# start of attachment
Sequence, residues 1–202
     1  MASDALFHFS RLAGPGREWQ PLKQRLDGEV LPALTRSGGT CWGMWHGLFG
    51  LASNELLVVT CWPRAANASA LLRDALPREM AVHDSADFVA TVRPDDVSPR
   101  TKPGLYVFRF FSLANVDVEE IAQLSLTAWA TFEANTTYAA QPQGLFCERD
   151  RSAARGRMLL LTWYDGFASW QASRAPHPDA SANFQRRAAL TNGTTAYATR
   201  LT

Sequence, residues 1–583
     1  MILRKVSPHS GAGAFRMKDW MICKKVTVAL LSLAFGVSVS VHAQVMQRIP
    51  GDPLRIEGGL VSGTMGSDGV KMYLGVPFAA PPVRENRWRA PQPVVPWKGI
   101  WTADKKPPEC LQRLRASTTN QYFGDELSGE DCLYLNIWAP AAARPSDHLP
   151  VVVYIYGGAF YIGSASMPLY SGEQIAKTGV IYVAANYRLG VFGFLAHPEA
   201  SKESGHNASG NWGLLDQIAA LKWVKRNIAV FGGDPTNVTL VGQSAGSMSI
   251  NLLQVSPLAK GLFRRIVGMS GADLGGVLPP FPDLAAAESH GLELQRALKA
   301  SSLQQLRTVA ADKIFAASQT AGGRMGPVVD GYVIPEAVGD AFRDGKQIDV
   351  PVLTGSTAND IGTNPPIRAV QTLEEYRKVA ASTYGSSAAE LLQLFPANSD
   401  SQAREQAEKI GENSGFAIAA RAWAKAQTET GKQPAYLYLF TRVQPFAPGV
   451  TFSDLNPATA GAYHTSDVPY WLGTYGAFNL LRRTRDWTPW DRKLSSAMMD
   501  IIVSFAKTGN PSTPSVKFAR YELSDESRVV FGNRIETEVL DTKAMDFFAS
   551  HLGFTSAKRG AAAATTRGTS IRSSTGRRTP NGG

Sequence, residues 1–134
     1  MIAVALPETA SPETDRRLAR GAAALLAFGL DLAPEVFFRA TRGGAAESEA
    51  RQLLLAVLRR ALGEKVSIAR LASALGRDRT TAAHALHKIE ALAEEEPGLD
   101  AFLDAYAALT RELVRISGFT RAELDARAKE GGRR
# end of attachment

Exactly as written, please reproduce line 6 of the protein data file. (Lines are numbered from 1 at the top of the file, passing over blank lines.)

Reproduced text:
   201  LT